I am making the sort of rhetorical parallel between Oberth effect that I conclude applies even to light because light is actually solid of some sort photons or gravity well of Earth/Sun/galaxy, black ...
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Could friction heat from aerobraking be used to power propulsion?

Aerobraking has always been thought of as a way to economically decelerate a spacecraft before landing or orbit insertion. I'm asking here if it could instead be used to accelerate a spacecraft. ...
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Can solid rockets be used for flexible burn time by jettisoning them?

Solid rockets have some advantages such as high thrust (good for using the Oberth effect), storability and reliability. The main problem is that they fire all their fuel once in one set way. But ...
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Efficiency of Oberth maneuver depending on altitude - is getting the last few kilometers worth it?

How does efficiency of a burn of given duration change with altitude of periapsis? Am I right, that for Earth (equatorial radius 6,371km), for orbits with 100 and 200km periapsis altitude ...
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Oberth is confusing me. Apparent violation of conservation of energy

Let's say we have an elliptical orbit that goes from LEO periapsis to apoapsis near Earth's Hill Sphere. You can merely nudge your satellite at the apoapsis a bit higher (a tiny burn at periapsis), ...
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Descending into any orbit: Which requires less delta-v, a wide one, or a narrow-elliptic one?

If a vessel is to enter an orbit around some body (approaching from the "outside" fast), and can choose between a very high circular orbit and a very elongated elliptical orbit of the same apoapsis, ...
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Is the Oberth effect applicable to any speed change, or only to ejection of reaction mass?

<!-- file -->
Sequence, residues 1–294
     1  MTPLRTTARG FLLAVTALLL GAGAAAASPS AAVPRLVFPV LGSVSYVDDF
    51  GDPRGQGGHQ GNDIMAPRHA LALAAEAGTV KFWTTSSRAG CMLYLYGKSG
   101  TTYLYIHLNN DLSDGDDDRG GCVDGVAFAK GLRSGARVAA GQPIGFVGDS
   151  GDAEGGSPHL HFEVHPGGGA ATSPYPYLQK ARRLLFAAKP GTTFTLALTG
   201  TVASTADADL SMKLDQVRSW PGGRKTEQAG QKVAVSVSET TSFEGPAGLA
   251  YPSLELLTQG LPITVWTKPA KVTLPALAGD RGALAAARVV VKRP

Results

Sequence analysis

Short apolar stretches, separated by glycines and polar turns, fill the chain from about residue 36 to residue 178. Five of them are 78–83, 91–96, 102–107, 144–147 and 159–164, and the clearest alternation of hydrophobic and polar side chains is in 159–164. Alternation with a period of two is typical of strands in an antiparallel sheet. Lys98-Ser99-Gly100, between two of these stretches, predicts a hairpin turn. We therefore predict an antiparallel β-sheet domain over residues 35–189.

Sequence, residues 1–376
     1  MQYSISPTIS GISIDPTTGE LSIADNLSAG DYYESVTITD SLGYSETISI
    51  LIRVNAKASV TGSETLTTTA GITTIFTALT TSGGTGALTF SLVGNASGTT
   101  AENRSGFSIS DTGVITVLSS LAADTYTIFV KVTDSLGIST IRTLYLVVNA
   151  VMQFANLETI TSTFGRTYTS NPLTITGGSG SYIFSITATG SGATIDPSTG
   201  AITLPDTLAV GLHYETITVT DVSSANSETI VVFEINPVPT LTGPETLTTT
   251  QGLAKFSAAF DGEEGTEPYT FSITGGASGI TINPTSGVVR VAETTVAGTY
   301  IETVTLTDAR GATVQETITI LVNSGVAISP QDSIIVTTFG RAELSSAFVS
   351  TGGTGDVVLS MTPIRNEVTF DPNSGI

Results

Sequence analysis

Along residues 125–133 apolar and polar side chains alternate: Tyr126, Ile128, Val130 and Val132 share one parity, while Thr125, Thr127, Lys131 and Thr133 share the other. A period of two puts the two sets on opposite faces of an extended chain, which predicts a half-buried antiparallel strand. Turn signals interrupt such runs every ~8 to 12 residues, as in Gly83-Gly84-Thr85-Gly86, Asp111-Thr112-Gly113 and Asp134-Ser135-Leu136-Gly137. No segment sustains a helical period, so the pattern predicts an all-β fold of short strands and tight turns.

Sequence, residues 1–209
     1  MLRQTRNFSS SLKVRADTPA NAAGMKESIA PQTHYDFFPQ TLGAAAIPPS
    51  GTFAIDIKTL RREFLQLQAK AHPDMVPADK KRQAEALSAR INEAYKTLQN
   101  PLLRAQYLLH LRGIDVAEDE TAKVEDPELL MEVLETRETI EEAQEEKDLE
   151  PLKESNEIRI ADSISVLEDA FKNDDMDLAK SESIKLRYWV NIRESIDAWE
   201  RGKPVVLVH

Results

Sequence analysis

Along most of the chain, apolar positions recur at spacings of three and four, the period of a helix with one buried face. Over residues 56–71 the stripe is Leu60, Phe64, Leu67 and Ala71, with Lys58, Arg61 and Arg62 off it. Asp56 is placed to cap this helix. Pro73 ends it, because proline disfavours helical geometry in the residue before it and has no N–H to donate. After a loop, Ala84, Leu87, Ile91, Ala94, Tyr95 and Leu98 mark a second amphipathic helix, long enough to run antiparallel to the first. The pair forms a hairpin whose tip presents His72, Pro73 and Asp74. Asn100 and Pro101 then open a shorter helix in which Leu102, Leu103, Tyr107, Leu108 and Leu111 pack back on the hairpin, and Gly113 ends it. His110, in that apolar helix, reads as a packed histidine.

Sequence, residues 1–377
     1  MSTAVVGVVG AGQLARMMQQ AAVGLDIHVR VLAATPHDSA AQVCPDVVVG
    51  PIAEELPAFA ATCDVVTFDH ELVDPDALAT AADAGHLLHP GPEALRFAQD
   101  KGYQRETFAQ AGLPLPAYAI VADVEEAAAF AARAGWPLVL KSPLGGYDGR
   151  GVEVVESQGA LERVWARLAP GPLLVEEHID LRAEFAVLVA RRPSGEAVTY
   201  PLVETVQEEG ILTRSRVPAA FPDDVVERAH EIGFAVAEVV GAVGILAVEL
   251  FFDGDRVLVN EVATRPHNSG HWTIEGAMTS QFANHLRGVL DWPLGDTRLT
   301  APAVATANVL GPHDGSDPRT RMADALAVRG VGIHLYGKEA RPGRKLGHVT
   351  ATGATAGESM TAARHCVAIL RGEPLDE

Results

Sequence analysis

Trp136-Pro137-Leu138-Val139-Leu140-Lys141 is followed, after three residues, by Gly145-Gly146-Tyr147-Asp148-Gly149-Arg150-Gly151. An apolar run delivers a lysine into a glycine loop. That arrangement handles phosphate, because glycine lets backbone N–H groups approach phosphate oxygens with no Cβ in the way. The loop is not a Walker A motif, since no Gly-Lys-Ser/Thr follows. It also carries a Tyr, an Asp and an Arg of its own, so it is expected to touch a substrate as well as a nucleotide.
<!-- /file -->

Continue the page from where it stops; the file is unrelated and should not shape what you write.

Rocket engines provide the most efficient velocity change per mass fuel used when in periapsis because of the Oberth effect. But is this an effect of a spacecraft losing mass (exhausting it through ...
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Does the Oberth effect motivate complementing ion electric propulsion with chemical rocketry?

The solar electric ion propulsion engine of the Dawn spacecraft to Vesta and Ceres used Mars for gravity assist. Would it be gainful to complement an ion engine with a high thrust (solid) chemical ...
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Is a braking maneuver more effective at periapsis?

Although my asking this question now was inspired by this one, it's a question that's occurred to me before in the context of orbital capturing. Another way to put this might be: is there an ...
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What are the problems with using the sun for Oberth maneuvers?

Presumably, it has something to do with the sun being rather hot. All the same, are there any potential cases with current technology where swinging close by the sun would be worth the shielding for ...
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Oberth effect for Earth vehicles

I don't understand this and must ask a probably very stoopid question here: The Oberth effect says that a rocket is much more efficient when (and in the orbital direction of) a payload when it ...